x ∈ X.
iii. f + = f ∨ 0, known as the positive part of f .
iv. f − = (−f ) ∨ 0, known as the negative part of f . (The reader should
note that the negative part of a real-valued function is positive.)
v. |f | = f + + f −
Proof. It suffices to observe that max(x1 , x2 ) and min(x1 , x2 ) are both continuous functions from R2 to R, making each of these a Baire function. For
the last part we use the fact that Φ(x1 , x2 ) = x1 + x2 is continuous and thus
a Baire function.
4.2
Limits of Measurable Functions
In the study of point-wise limits of measurable functions and integrable functions, we will consider sequences of functions for which fn (x) diverges to ±∞
for some values of x. Thus it is helpful to extend the concept of real numbers to the set R∗ = R ∪ {±∞}. Measurability for an extended real valued
function means that for each α ∈ R the set
f −1 [α, ∞] = {x | f (x) ≥ α} ∈ A.
Theorem 4.2.1. Let (X, A, µ) be a measure space and let {fn | n ∈ N} be
any sequence of measurable functions from X to R∗ . Then each of the five
functions defined as follows is A-measurable.
i. f∗ (x) = inf{fn (x) | n ∈ N} for all x ∈ X
ii. f ∗ (x) = sup{fn (x) | n ∈ N} for all x ∈ X
iii. f(x) = lim inf fn (x) for all x ∈ X
¯ = lim sup fn (x) for all x ∈ X
iv. f(x)
v. f (x) = limn→∞ fn (x) provided the limit exists for all x ∈ X.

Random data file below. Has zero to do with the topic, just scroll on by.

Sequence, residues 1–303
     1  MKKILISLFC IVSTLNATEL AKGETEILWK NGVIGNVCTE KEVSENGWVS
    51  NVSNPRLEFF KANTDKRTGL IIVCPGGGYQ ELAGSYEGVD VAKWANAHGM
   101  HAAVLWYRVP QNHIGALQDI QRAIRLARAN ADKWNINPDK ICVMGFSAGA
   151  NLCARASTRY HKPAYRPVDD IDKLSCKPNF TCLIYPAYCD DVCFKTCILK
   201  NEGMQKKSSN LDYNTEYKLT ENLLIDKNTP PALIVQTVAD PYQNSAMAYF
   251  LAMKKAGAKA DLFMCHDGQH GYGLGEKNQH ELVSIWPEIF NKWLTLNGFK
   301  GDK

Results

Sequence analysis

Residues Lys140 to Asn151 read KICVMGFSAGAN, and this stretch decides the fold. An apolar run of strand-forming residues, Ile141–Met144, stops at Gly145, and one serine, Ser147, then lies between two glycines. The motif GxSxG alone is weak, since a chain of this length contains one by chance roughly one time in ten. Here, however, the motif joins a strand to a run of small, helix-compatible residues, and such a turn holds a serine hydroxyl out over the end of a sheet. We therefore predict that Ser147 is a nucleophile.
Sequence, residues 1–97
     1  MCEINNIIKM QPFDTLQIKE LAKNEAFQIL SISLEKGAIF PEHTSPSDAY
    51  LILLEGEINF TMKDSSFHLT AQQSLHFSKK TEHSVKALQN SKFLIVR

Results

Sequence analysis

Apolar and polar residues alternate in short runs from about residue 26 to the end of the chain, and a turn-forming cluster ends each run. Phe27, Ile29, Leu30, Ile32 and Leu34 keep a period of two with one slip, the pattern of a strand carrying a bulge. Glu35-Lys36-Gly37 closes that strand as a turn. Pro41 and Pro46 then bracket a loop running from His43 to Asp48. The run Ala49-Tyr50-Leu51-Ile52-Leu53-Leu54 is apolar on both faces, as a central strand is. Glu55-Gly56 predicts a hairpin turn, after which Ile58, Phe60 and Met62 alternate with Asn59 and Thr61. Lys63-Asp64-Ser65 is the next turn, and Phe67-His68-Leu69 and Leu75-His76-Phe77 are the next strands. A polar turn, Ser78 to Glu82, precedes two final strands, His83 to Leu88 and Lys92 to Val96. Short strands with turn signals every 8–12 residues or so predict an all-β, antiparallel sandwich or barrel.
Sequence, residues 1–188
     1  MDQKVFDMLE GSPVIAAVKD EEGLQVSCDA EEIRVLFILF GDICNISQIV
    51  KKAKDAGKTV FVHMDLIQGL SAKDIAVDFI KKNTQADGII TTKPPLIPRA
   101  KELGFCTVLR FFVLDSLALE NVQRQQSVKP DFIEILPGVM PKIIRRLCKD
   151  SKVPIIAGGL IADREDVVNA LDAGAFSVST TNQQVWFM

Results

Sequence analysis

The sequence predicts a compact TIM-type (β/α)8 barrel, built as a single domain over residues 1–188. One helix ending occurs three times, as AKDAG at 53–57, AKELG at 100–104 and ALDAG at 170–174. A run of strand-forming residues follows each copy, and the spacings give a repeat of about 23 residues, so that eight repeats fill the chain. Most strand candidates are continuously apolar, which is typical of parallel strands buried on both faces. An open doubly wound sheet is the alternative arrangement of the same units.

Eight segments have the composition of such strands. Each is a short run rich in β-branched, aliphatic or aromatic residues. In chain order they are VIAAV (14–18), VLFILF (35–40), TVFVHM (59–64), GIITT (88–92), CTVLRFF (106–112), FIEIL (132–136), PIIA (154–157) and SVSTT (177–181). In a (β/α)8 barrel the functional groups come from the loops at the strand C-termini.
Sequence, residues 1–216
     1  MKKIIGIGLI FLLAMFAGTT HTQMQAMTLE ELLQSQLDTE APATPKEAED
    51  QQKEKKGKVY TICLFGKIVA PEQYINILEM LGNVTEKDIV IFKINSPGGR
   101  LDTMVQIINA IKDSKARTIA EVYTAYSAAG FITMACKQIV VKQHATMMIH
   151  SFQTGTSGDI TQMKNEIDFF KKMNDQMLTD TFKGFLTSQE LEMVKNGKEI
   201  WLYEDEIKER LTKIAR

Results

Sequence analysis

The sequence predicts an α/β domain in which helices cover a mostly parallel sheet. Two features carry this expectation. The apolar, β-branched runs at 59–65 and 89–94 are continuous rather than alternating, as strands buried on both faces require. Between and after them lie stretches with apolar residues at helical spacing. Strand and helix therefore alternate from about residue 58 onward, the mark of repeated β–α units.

48
Proof. For the first part, we observe that each a ∈ R,
\
f∗−1 [α, ∞] = {x | inf fn (x) ≥ α} =
fn−1 [α, ∞] ∈ A.
n
n∈N
Thus f∗ is A-measurable. Since
f ∗ (x) ≡ − inf (−fn (x))
n
it follows that f ∗ is A-measurable as well. Note next that since
in = inf{fk (x) | k ≥ n}
is an increasing sequence of extended real numbers in , we have
lim inf fn (x) = f (x) = sup{inf{fk (x) | k ≥ n} | n ∈ N}
so that f is A-measurable being the supremum of a sequence of measurable
functions given as infima. Also,
lim sup fn (x) = f¯(x) = inf{sup{fk (x) | k ≥ n} | n ∈ N}
with the result that f¯ is A-measurable. Finally, we note that
f (x) = lim fn (x)
n→∞
exists if and only if f¯(x) = f(x). Thus f is A-measurable provided the
point-wise limit exists on X.
Exercise 4.2.1. Suppose fn : X → R is a measurable function for each
n ∈ N, where (X, A, µ) is a measure space. Prove that the set
S = {x | lim fn (x) exists}
n→∞
is a measurable set.
The reader should be able to give examples of point-wise convergent sequences of continuous functions for which the limit is not continuous, and